By CODY B. NABOURS
Brick and Mortar Music Hall
Saturday, Aug. 10, 2013
Better than: Spending the day with the beautiful people.
On Saturday, around 65,000 people swarmed the misty grounds of Golden Gate Park, dancing to the songs of the beautiful people. That night, in a sweat lodge underneath US-101, the misfits gathered for their own vision quest.
The spiritual journey, double-headlined by the Men and King Tuff, was a communion with the ghosts of the past: for the Men, a tuneful but punishing hybrid of Hawkwind/Stooges/Crazy Horse; for King Tuff, the spirit of the pixiesh, swaggering T. Rex.
For those who have been following the Men on record, their newest album, New Moon, tossed a melodic, Zuma-shaped wrench into the noise-machine precedent they'd set with their first two efforts. As they set up their equipment, there were rumblings in the audience about what version of the Men would be playing. The question seemed to be answered when band member Kevin Faulkner (in a Grateful Dead shirt!) set up his steel guitar on stage, but was quickly reversed by the explosion of the band's opening number. What followed was a set of brutal extended jams that conjured up the mystical space-music of Lemmy-era Hawkwind.
Next to the speakers, the sound was punishing. It was impossible to pick out lyrics from the wall of noise. At the bottom-end was the furious bass guitar of Ben Greenberg, who was throwing himself around the small stage in a tie-dye shirt bearing the Sacred Bones Records logo.
On record, the Men haven't quite captured their essence, which brings together the heavy drones and jams of space-rock with touches of hardcore and country hiding beneath the layers of sound. But all manner of misfits in the sweat lodge on Saturday found their catharsis in the waves of barely tuneful noise put out by the five men on stage.
It wouldn't be surprising if Kyle Thomas was born on September 16th, 1977, soon after Marc Bolan departed this Earth a hemisphere away in southwest London. Just as Marc Bolan's T. Rex danced the mystical boogie for the glam kids of the '70s, so too does Kyle Thomas' King Tuff carry the banner for the strutting trashcan rock of the misfits.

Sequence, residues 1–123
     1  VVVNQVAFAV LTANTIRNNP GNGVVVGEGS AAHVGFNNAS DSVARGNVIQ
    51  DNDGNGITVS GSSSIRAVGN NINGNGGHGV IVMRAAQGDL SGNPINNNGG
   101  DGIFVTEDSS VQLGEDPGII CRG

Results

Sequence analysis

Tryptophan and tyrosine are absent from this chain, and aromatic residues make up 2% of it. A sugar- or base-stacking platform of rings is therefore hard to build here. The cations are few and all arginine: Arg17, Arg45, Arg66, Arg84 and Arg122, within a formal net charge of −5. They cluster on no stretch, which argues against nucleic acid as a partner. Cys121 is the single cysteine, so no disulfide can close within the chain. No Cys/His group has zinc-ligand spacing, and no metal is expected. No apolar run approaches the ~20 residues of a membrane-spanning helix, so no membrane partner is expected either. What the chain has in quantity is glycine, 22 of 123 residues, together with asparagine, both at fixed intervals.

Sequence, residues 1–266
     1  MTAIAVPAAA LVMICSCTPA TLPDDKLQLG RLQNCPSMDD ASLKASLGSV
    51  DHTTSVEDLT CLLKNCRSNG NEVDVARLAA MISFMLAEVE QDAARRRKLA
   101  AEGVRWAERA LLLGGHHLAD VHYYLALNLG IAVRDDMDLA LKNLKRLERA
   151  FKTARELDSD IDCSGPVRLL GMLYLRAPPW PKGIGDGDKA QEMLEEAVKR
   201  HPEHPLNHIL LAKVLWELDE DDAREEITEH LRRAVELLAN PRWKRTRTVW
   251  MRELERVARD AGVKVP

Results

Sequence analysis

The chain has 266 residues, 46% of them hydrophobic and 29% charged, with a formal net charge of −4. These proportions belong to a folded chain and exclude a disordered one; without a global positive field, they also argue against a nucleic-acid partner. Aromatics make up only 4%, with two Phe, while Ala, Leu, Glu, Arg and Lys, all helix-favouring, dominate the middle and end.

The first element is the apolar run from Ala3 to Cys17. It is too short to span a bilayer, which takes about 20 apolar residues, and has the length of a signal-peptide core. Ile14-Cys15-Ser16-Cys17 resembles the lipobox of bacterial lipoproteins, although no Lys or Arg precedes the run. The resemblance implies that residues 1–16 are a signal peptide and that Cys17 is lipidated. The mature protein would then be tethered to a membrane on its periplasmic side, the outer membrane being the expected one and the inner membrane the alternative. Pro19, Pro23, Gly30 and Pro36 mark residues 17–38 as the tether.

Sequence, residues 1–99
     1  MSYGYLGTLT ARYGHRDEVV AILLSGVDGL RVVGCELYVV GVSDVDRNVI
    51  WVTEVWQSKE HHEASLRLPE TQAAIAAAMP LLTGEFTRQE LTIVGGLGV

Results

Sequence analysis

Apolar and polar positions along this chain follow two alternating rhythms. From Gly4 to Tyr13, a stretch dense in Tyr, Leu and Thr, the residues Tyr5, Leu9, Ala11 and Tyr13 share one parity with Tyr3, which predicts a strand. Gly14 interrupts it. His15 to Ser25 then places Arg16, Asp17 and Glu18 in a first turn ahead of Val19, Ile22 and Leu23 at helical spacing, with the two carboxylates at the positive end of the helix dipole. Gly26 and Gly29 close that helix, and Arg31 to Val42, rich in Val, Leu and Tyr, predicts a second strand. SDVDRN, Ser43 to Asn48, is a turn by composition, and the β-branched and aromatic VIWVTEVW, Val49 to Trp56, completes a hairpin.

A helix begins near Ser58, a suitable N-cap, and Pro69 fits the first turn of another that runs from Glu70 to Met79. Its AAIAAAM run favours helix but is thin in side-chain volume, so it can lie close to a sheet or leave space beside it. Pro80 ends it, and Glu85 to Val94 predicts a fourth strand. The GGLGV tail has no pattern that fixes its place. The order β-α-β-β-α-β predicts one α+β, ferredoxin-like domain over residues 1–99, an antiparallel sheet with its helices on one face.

Yes, there are the surface similarities: the King/Rex name, the Marshall stack, the impish smile. But the ghost of Bolan lives in the grungy, baseball-capped, leather vested King Tuff; there is no glam, but there is boogie. King Tuff isn't about the top hats or the shiny jackets. King Tuff plays for the beards and the black T-shirts dotted with nug-burns, for the tank tops and the sweat-drenched. Or as he sings in "Anthem": "Sing the anthem/Of the underworld/Sing the love song/For the ugly girls."
Into the small hours of the morning, King Tuff played guitar hero and swaggering king of the misfits, ripping through gems from last year's King Tuff ("Alone and Stoned," "Keep On Moving") and the buzzed-about and newly reissued Was Dead (Dancing on You, Freak When I'm Dead). He led the packed house to an improbably heartwarming moment with the ostensibly corny "Swamp of Love," and closed it down encoreless with his best song to date, "Bad Thing," which inspired a wide-open melee that would make John Dwyer proud.
For the beautiful people at the festival on the other end of town, the cold bay winds and misty air are unwelcome reminders of the summer in San Francisco. But emerging from the sweat lodge to the wind blowing down Mission Street, the steam rising off the sweaty bodies of the misfits was a sign that, for that night, the vision quest was complete.
The opener: Twin Peaks performed their own transubstantiation, conjuring up the hopes once pinned on the 2001-era Strokes. They veer in the opposite direction that the New York City MIDI-men took: louder, faster, and more urgent. And the singer, with greasy mop-top and denim-on-denim, is a dead ringer for a public school-raised Julian Casablancas.
Curiously missing: "Sun Medallion," the song that got me and everyone else I know into King Tuff, was omitted from Saturday's setlist, sadly. More than any of his songs, it captures his ability to find emotion and magic in simple subjects -- in this case, his sun-shaped necklace.